And besides, GPS has only been commercially available since the late 1980s. So how do you explain the ones before that? The really non-complicated ones?



posted on Jul, 12 2009 @ 08:07 AM
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Originally posted by grapesofraft
reply to post by GEORGETHEGREEK
 


Human beings have:
1. Went to the moon.


And it cost billions of dollars and thousands of people were involved with it.


2. Sent probes all over the solar system


Again at the cost of billions, and with thousands involved.


3. Created planes


Which attracted attention in the early days so much so that there is video footage of the Wright brothers (not so much of the fellow attributed to the actual first flight - but still known of) and again, by todays standards costs billions with thousands involved.


4. Create skyskrapers


Costing millions and involving thousands of people, in a very large area that we can see every day.


5. Build the pyramids


Costing millions of lives if you believe the non-alien origins.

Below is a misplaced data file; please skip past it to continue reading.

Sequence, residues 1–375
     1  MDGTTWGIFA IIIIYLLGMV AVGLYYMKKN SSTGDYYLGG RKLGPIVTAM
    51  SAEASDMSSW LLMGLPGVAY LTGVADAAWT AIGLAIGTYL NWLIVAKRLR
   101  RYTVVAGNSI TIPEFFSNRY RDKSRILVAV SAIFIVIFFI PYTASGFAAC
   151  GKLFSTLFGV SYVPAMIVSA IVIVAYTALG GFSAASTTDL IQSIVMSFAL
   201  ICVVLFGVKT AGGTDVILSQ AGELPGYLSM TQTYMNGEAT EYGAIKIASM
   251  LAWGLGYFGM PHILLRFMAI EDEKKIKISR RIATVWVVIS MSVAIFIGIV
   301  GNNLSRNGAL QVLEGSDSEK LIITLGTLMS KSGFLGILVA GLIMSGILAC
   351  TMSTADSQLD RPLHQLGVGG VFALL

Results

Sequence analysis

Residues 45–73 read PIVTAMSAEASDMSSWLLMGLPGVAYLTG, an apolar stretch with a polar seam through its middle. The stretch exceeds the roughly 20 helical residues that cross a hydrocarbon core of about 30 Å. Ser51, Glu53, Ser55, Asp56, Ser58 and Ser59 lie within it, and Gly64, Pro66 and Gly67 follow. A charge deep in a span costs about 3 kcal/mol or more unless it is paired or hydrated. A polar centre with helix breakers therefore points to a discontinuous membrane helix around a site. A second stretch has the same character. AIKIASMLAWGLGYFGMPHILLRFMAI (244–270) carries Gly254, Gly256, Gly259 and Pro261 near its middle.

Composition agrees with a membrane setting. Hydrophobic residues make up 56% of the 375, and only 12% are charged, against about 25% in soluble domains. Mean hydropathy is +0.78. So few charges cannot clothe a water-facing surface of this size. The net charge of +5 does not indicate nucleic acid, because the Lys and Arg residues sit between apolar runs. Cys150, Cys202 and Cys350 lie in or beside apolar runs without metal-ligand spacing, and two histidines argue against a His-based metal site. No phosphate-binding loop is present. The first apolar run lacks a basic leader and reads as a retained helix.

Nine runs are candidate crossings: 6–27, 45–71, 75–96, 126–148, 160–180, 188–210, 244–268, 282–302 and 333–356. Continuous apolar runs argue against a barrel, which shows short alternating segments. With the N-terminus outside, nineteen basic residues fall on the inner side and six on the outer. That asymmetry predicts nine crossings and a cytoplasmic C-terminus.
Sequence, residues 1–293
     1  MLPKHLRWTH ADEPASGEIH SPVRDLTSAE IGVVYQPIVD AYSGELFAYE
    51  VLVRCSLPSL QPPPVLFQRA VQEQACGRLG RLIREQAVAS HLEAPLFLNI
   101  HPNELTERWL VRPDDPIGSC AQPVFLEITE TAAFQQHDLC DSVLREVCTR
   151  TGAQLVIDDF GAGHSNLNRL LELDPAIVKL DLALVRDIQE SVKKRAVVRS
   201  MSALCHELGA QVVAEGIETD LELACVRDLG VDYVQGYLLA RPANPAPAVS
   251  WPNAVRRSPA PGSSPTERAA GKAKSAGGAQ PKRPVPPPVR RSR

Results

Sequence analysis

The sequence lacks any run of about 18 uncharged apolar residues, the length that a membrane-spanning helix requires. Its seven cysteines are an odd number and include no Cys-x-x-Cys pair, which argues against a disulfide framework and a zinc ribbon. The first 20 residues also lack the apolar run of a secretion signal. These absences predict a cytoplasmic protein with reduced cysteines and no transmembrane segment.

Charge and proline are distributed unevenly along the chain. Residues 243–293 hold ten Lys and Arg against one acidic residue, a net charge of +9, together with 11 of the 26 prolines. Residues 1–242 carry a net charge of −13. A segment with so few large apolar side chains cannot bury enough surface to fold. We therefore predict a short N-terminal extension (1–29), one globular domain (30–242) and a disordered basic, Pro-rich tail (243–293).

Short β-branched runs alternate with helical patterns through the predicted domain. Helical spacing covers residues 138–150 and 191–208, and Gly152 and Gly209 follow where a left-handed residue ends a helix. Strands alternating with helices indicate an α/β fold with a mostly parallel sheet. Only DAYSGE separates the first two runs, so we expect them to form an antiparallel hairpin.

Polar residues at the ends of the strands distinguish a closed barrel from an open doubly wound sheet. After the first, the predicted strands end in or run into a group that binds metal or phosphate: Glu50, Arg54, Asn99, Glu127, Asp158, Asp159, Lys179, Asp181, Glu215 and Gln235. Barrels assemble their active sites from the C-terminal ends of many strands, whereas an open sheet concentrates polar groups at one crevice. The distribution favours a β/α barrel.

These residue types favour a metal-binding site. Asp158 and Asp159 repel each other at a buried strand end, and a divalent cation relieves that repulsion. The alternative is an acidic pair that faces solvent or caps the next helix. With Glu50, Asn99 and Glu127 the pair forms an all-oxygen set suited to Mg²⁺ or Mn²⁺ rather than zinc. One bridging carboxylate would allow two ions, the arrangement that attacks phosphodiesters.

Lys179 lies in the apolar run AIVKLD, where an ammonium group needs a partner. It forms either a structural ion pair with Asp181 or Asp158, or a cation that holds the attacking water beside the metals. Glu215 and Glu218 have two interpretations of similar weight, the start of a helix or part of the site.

6. Created computers


Much like the plane, in it's early inception it was nothing more than a novelty that attracted attention, but once it became something the common person could use, became a multi-million dollar industry, involving thousands of people.


7. Harnessed the power of splitting an atom


Costing billions of dollars and thousands of lives just at Hiroshima alone, events that the entire world still remember to this day.


and on and on and on!!!!!!!!!!!!!!!!!!!!!!!

You guys probably go to an art museum and think Aliens made half of the artwork. So tell me, why couldnt a group of humans create every one of those crop circles? You guys need to give humans some damn credit.

[edit on 11-7-2009 by grapesofraft]


No, I think that the OP was stating that there are not a small group of people so intent on making people go "OOoh pretty!" that they would involve thousands of people and spend millions of their own dollars on it.